Offline Geezer

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« Reply #5 on: 15/01/2011 01:22:38 »
If you want to lift something for energy storage, you could pump water into an elevated tank, then release the water into a low level turbine to produce electricty when required.
 

Offline CliffordK

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« Reply #6 on: 15/01/2011 01:38:42 »
Cute animation.

I was thinking of a rigid stick tied to the balloon and horizontally mounted pumps..  but either way would work in a similar fashion.  The vertical pumps might be easier to mount.  You probably wouldn't need more than 4.

You would have to deal with flexible attachments, and changes in distance between the attachments due to angles.

Geezer,

One of the differences between the air cylinder lifting a weight vs a water tank.
The higher the level of the water, the more pressure it takes to fill the tank.
With air, you would have a constant pressure as the weight is lifted.  However, a compressible gas could be problematic.
 

Offline birdzoom

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Will this wind engine work?
« Reply #7 on: 15/01/2011 01:54:28 »
I'm not sure what do you mean by "flexible attachments, and changes in distance between the attachments due to angles." Do you mean the units have to be modular and flexible attachments so that a massively deployment could be done? What angles?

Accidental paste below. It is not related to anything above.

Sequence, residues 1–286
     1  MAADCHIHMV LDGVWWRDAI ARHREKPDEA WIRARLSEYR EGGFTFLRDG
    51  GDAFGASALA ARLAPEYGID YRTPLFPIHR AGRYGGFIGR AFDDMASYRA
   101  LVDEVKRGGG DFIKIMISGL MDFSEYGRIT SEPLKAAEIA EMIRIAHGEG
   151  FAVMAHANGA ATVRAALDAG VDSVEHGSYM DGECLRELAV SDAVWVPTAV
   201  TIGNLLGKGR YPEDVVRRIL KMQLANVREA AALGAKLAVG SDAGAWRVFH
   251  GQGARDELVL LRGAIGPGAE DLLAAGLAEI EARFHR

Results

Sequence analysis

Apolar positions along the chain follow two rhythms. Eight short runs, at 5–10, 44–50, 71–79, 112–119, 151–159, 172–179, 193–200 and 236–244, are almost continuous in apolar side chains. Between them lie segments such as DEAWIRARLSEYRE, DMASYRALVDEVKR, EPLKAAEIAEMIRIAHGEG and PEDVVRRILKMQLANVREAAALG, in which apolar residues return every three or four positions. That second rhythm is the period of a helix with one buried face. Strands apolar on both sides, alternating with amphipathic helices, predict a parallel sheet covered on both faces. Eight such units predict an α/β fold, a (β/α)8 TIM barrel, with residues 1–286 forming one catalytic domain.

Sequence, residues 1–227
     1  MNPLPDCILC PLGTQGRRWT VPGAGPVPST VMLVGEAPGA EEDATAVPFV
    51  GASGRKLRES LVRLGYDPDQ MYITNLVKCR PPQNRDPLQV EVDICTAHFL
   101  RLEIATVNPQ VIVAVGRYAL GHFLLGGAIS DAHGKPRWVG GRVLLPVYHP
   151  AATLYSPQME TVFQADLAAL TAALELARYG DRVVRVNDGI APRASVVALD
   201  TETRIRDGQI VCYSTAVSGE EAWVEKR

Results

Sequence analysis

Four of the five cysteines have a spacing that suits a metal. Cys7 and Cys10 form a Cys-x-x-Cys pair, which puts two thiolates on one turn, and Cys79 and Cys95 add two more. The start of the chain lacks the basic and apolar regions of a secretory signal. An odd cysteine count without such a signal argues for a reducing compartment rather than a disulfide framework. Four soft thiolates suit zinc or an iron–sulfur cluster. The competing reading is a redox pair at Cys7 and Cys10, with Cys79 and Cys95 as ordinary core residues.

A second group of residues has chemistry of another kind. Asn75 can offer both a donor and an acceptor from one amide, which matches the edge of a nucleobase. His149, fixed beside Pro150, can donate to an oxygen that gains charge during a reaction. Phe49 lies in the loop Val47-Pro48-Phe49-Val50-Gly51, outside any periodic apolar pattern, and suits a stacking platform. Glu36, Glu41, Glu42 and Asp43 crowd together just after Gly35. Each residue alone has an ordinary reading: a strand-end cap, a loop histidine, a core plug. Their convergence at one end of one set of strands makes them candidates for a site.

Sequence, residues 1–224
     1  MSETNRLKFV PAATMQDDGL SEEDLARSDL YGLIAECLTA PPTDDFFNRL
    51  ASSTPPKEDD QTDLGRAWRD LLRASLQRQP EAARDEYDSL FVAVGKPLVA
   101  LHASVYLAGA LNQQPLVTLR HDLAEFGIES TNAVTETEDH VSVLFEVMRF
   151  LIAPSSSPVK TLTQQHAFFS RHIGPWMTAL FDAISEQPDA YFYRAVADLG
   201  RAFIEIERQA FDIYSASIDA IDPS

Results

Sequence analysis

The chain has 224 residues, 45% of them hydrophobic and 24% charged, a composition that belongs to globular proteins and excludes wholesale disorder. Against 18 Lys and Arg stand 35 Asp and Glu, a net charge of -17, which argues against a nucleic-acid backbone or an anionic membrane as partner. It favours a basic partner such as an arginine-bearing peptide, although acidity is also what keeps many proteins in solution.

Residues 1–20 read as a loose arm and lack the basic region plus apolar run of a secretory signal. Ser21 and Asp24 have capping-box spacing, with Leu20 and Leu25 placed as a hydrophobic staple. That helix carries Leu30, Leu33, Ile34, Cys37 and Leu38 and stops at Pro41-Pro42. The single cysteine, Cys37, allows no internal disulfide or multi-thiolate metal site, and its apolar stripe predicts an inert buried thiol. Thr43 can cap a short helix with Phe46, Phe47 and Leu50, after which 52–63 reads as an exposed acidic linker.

Why you think 4 would be enough. Wouldn't that make a cumbersome squared moving dish? Six seems more harmonically to me, as it fits the circle quite naturally and in a simple fashion.

But all these things should be empirically tested for different regions/altitudes.

Having several of them with bigger and smaller sticks and so... to determine the ideal measures.
Quite like in a wind tunnel to boost vehicles performance.... stats would soon tell us...
 

Offline Geezer

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« Reply #8 on: 15/01/2011 02:11:18 »
Geezer,

One of the differences between the air cylinder lifting a weight vs a water tank.
The higher the level of the water, the more pressure it takes to fill the tank.
With air, you would have a constant pressure as the weight is lifted.  However, a compressible gas could be problematic.

True, but if the tank has a large surface area rather than depth, and it is at a significant height above the pump, the increase in pressure as it fills will be small.
 

Offline birdzoom

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Will this wind engine work?
« Reply #9 on: 15/01/2011 02:21:12 »
My idea is to have this unit as modular as possible so that massive deployment becomes feasible.
Water is a scarce resource. At the same time water in our pipes already has pressure, is that water from the company that you have in mind to be used? Or water from sea? If from sea would my modular units need to be in a special place like near the sea?
 

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Will this wind engine work?
« Reply #9 on: 15/01/2011 02:21:12 »